and occasionally rides a bike.
A word of warning. The walk descriptions are not detailed enough to guide you - please take a map. The batteries never run out, and you always have a signal. Oh, And don't take left or right as gospel!

Friday, January 13, 2012

Jurassic Way 2 - Chipping Warden - Charwelton

With Marta.  A bright sunny day - begun by scraping ice from windscreen. Ideal walking conditions, especially with base layer to keep me warm. Underfoot generally fine - some mud, wet grass. Between 8 and 9 miles.

Photo taken when we arrived here on Oct 2 2011 (yup - rain on lens :-( )
We set off from Chipping Warden, where we finished JW1 on 7th October 2011. We took the road towards Culworth, ignored the first footpath sign, but took the second path, about quarter of a mile along the road, left on a metalled track.  Not marked as Jurassic Way - do they mean to test our map-reading?

We followed this track round to the right, through a small wood, crossed a couple of fields and a minor road, and climbed up to around 500 feet, stopping to admire the view behind us.
Looking south going up hill towards Warden House Farm. There's still a trace of the fog I drove through near W. Haddon!
We'd built in a bit of exploration time, so turned to investigate the Cool Contours arts centre, part of the farm. Although nothing was happening today, we rather liked the wooden pigs.
After this we returned to our route, which took us through some trees and past a large pond in a dip below the farm.

Then, gradually downhill, making sure we took the left-hand path over a small hill, where the Macmillan Way goes right.

Then we walked across a small stream and on until we met another road, where we turned right, and ignored footpath signs until we saw a Jurassic Way sign at a right turn into the hamlet of West Farndon.  The path starts by a row of stone cottages, turning left across a couple of fields, before crossing another minor road.

 With a little imagination, I could have been in Provence? Replace poplar with cypress, let the sky deepen its blue. . .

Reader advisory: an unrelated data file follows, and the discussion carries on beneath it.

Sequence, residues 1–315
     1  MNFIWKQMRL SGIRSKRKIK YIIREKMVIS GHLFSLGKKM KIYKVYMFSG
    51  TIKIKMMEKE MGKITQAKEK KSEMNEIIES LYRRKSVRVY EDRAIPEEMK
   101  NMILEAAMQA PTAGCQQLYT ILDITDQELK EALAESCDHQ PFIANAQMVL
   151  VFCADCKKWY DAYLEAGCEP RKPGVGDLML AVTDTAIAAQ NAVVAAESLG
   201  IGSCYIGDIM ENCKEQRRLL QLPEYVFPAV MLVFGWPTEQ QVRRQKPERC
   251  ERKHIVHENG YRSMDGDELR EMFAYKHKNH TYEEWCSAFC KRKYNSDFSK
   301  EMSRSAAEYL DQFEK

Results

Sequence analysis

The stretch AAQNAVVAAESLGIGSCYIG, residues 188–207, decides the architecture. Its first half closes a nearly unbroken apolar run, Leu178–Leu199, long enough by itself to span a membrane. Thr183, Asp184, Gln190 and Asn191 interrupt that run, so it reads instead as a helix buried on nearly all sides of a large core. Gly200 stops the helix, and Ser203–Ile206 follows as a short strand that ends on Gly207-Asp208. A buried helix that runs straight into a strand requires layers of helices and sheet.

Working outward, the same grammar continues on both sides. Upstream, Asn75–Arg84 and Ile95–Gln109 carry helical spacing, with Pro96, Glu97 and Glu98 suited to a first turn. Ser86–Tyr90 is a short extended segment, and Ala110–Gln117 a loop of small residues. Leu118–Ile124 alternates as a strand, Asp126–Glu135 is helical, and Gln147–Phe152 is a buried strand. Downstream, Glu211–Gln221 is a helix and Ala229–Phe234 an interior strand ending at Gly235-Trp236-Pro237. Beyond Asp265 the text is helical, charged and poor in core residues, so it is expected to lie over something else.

Lookin down from the old railway bridge
We had no problems following the path as it took us over a disused railway line and towards a farm track, where we made use of a roller for a snack stop.
A short walk from here and we were at Woodford Halse, which has a variety of shops - we called in at the Fleur-de-Lys pub, but they don't do food. They recommended the Tea Station, a small friendly cafe, so we had lunch there, rather soon after our snack stop!

We left Woodford Halse by the path at the bottom of the hill, crossed the road and walked past the industrial estate, turning right just before a radio mast, along a track which eventually turns up to Charwelton Lodge, up on a hill. At that point we continued ahead, alongside a hedge, then over another dismantled railway.

The path took us past spoil from railway construction,  the deserted mediaeval village of Charwelton, and its fishponds to Holy Trinity Church and the nearby farm.

Across a field or two, we joined a lane then took a small footpath through a field of calves/small cows, then one with goats and horses, and emerged next to Charwelton's packhorse bridge over the infant Cherwell - probably 15th century. It's very small, and the road hides part of it.

A wise observer approves our achievement.

Map and details

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